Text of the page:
Saudi Dismisses ‘Absurd’ Link to Phone Hack of Amazon Owner Jeff Bezos

SEATTLE, WA - JUNE 18: founder and CEO Jeff Bezos presents the company's first smartphone, the Fire Phone, on June 3, 2014 in Seattle, Washington. (Photo by David Ryder/Getty Images)
David Ryder/Getty

Any suggestion Saudi Arabia was in involved in the phone hacking of Washington Post owner Jeff Bezos was dismissed as “absurd” late Tuesday by the kingdom’s embassy in Washington.

The diplomatic rebuttal came as media reports linked the security breach to a WhatsApp message exchange from an account of Crown Prince Mohammed bin Salman.

The alleged 2018 intrusion into the device led to the release of intimate images of Amazon founder Bezos.

“Recent media reports that suggest the Kingdom is behind a hacking of Mr Jeff Bezos’ phone are absurd,” the Saudi Arabian embassy said on its Twitter account.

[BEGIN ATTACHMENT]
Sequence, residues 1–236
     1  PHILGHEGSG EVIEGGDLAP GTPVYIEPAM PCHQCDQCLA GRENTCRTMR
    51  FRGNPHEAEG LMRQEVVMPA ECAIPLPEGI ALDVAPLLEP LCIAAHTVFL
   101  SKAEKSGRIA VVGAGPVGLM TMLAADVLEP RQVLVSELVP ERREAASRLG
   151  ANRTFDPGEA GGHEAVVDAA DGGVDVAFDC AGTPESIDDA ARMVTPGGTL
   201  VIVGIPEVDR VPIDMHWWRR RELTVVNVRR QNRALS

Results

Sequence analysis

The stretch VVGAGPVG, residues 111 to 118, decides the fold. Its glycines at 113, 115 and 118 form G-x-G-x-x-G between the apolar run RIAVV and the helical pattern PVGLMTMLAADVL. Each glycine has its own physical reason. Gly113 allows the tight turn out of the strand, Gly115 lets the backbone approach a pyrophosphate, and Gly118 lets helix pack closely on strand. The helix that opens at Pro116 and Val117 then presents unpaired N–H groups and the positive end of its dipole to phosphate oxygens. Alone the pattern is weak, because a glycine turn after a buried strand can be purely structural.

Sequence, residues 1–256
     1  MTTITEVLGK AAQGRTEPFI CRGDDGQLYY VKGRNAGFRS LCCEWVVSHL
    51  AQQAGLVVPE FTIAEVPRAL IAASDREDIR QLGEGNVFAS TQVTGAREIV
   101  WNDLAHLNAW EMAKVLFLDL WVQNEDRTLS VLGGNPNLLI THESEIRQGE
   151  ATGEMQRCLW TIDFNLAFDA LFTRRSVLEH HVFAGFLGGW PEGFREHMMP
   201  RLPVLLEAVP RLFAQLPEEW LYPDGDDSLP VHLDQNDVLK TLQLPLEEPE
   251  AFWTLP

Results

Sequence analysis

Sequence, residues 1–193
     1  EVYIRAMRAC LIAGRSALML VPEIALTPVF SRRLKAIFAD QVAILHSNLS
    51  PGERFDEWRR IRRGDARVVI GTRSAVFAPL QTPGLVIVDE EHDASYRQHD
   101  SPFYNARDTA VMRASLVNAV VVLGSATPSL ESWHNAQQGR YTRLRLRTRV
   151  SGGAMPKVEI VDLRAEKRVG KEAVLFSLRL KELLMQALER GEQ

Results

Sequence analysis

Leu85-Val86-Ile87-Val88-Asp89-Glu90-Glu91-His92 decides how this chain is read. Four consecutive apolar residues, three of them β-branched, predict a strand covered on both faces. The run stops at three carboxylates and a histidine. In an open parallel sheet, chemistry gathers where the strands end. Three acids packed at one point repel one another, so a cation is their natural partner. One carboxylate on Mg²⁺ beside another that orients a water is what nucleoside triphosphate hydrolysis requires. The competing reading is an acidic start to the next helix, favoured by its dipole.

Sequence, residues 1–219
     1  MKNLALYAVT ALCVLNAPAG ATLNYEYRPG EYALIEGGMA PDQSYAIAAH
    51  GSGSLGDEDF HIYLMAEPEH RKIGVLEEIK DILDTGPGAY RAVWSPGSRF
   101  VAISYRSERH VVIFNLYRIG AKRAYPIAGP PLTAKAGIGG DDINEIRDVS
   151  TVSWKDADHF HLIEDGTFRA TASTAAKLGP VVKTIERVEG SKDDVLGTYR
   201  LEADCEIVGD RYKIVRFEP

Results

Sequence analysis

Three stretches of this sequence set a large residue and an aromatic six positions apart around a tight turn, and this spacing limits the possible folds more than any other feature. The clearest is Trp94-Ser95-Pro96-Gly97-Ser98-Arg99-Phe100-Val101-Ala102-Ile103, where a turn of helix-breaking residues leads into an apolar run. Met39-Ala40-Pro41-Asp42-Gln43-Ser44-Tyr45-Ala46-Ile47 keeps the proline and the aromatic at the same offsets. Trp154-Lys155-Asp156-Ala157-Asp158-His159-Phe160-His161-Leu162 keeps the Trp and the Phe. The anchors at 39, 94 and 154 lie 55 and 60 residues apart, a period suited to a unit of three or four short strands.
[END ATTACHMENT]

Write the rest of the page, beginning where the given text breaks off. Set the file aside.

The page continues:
“We call for an investigation on these claims so that we can have all the facts out.”

Late Tuesday, the Post reported a United Nations investigation will reveal Wednesday that Bezos’s cell phone was hacked after he got the WhatsApp message from an account purportedly belonging to Prince Mohammed, the kingdom’s de facto ruler.

Soon after the personal message was sent, a massive amount of data was extracted from Bezos’s phone, the Post said investigators concluded.

This is not the first time the kingdom has been linked to the hacking of Bezos’ phone, the BBC reports.

In March last year an investigator for the Amazon founder said Saudi Arabia was behind the hack and it had accessed his data.

Gavin de Becker was hired by Bezos to find out how his private messages had been leaked to the National Enquirer.

De Becker linked the hack to the Washington Post’s coverage of the murder of Saudi writer Jamal Khashoggi at the Saudi consulate in Istanbul.

In December a Saudi court exhonerated Prince Mohammed’s top aides over the murder of Khashoggi, a verdict condemned globally as a travesty of justice but backed by Washington.

Both the CIA and United Nations special envoy Agnes Callamard have directly linked Prince Mohammed to the killing, a charge the kingdom vehemently denies.

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